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Jan 28, 2022

Maya Leaders Alliance Calls for C.C.J. Intervention

The omission of the Toledo Alcaldes Association from participating in the implementation of the F.P.I.C. Protocol is seen as an affront to the M.L.A. and T.A.A.  According to Coc, the ruling of the Caribbean Court of Justice is expressly clear that as appellants both entities are to sign the document.


Cristina Coc

Cristina Coc, Spokesperson, M.L.A./T.A.A.

“The government has now removed, at the end of the protocol, they removed the clause where both parties were supposed to sign to bring into effect this consent protocol against the advice of the court, against the guidance of the court, and the reason we can think why they have removed that is because the court made it extremely clear that it is the T.A.A. and the M.L.A. that is to sign, they are the appellants. The other side, the Commissioner of Indigenous Peoples Affairs was insisting that the people to sign would be these many organizations, Maya organizations that are sympathetic to the government, who are creations of the government. This is the government’s attempt to create their own process and completely ignore the systems that already exist.  And so they have now put the commencement clause to say that it takes effect upon filing to the C.C.J.  The C.C.J., I don’t think is going to accept this because it goes against their very guidance.  And so, in terms of process, we are going back. We have already communicated our descent to the court and to the Government of Belize and of course we expect the court, we are calling on the court to intervene.”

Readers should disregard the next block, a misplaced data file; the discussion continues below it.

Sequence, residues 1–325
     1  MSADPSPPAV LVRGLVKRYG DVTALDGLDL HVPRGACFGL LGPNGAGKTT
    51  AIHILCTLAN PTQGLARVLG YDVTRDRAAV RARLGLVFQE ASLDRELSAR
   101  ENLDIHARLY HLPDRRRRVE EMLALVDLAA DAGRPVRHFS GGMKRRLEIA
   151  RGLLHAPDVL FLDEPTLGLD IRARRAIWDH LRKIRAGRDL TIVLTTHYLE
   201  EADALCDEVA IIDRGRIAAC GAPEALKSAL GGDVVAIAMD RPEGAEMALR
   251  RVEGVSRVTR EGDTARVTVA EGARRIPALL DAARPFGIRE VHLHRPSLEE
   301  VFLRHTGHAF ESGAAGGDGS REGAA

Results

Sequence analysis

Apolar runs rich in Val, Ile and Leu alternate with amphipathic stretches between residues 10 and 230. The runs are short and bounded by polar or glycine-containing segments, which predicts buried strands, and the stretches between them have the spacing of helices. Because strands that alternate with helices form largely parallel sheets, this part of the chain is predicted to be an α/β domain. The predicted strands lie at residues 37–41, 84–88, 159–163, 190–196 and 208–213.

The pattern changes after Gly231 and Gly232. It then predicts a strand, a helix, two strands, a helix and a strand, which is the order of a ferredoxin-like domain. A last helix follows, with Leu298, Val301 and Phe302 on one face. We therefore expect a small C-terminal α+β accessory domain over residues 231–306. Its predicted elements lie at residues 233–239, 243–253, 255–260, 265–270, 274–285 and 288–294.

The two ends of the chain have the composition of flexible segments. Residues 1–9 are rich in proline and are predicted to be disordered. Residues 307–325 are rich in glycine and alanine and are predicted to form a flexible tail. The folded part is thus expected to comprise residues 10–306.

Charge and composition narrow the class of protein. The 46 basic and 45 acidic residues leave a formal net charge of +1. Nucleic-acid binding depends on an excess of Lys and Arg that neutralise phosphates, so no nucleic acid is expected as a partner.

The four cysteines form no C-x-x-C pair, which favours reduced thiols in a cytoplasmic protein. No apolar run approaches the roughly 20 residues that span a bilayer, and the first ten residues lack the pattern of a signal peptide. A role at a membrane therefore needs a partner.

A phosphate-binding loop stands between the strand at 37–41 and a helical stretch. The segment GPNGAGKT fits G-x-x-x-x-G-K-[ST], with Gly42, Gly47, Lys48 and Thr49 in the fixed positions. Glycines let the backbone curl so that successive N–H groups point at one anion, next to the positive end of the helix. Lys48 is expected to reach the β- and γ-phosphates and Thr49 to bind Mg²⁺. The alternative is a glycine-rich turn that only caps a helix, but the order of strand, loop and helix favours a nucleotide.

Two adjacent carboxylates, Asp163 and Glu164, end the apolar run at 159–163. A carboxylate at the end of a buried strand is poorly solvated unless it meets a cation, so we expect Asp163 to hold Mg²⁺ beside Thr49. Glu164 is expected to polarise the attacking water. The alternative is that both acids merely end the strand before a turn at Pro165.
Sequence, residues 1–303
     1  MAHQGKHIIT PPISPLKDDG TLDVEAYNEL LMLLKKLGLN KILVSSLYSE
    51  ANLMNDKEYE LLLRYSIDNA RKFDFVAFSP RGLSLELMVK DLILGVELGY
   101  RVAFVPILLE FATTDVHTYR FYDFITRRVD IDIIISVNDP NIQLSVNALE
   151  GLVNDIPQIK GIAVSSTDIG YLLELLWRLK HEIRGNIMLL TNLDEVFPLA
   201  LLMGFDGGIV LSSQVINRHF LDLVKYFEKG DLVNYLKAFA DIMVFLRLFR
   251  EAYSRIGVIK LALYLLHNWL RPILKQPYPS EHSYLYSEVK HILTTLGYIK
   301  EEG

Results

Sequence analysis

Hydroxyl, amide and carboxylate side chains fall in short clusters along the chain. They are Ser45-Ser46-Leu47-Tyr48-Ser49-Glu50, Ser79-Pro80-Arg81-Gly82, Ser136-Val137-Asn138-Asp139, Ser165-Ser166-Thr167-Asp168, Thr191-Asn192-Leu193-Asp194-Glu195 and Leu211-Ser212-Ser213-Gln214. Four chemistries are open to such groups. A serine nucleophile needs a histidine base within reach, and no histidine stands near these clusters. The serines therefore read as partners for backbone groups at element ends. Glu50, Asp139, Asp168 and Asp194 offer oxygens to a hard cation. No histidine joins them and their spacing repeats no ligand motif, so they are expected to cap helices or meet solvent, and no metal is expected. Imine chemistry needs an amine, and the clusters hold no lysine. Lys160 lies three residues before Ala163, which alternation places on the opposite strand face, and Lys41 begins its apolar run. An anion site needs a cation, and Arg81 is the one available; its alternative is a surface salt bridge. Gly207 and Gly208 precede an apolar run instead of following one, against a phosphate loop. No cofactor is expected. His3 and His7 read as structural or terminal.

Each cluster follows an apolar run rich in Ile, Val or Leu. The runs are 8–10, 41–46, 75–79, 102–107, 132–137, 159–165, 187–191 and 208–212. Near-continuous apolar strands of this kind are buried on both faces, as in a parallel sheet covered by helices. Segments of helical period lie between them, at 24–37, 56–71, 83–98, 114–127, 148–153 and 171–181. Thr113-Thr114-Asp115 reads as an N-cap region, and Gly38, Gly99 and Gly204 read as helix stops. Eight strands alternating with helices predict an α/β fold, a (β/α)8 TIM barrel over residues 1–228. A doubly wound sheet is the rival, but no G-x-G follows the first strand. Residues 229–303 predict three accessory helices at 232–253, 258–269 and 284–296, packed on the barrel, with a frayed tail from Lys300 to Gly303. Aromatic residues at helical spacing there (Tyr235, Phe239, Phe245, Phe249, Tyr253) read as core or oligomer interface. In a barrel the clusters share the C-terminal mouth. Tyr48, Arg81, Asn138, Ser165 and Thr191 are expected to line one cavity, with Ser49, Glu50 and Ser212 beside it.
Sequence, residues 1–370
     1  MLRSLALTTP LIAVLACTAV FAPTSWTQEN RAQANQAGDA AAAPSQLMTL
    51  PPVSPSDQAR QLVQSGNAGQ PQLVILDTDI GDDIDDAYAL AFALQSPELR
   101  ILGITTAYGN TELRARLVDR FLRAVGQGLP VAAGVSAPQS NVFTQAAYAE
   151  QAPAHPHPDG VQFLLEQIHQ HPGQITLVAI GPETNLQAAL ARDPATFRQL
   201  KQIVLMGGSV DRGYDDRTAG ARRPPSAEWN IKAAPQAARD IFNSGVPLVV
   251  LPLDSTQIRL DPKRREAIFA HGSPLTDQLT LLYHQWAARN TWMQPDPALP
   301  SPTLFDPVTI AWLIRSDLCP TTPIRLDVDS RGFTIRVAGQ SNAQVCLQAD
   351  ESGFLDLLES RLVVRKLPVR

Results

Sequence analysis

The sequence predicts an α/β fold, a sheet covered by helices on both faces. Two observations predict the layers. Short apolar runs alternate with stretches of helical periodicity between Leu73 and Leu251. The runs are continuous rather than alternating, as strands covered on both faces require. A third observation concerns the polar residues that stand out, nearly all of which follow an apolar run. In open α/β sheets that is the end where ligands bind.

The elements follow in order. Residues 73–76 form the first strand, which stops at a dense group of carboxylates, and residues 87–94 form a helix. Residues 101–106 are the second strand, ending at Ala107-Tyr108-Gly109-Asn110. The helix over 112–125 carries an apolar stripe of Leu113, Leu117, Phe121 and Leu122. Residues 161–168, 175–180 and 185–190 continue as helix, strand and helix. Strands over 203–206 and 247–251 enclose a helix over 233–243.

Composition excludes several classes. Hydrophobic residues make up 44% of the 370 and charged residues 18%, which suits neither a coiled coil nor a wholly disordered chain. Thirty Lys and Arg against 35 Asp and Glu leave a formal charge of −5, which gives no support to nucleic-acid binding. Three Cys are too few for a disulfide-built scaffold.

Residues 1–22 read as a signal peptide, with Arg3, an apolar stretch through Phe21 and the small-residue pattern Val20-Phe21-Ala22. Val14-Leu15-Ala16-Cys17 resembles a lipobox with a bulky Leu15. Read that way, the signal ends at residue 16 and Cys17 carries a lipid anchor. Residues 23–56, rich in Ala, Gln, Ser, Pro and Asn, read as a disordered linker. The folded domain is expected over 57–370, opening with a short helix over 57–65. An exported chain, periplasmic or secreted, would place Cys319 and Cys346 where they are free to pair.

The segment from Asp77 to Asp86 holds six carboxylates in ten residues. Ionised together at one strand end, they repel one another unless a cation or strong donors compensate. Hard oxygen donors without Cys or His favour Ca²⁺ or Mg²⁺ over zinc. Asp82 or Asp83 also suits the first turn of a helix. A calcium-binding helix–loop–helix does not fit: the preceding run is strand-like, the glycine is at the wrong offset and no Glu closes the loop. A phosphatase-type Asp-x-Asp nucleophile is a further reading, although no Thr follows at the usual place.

Late this evening, the Sarstoon Temash Institute for Indigenous Management, SATIIM, fired off a release in response to the M.L.A.’s position on the F.P.I.C. Protocol.  The statement says, “The Julian Cho Society and the Toledo Alcaldes Association have usurped the Maya Leaders Alliance and made decisions, including the signing of a $1.8 million U.S. dollar contract, without the consent of all M.L.A. members or the Maya communities of Toledo.  For seven years the JCS has called the T.A.A. the ‘collective governance institution’ of the Maya people.’  Shockingly, they perpetuated this misleading concept of ‘Alcaldes ‘ as supreme leaders in Maya villages. Yet the T.A.A. is not a Maya customary organization. And the M.L.A. is simply a membership association. The collective governance of the Maya people rests in each individual community.  We, members of the Maya Leaders Alliance (M.L.A.), call on the Julian Cho Society and the Toledo Alcalde Association to refrain from issuing any position without full consultation – and consent – of its membership”.

Viewers please note: This Internet newscast is a verbatim transcript of our evening television newscast. Where speakers use Kriol, we attempt to faithfully reproduce the quotes using a standard spelling system.

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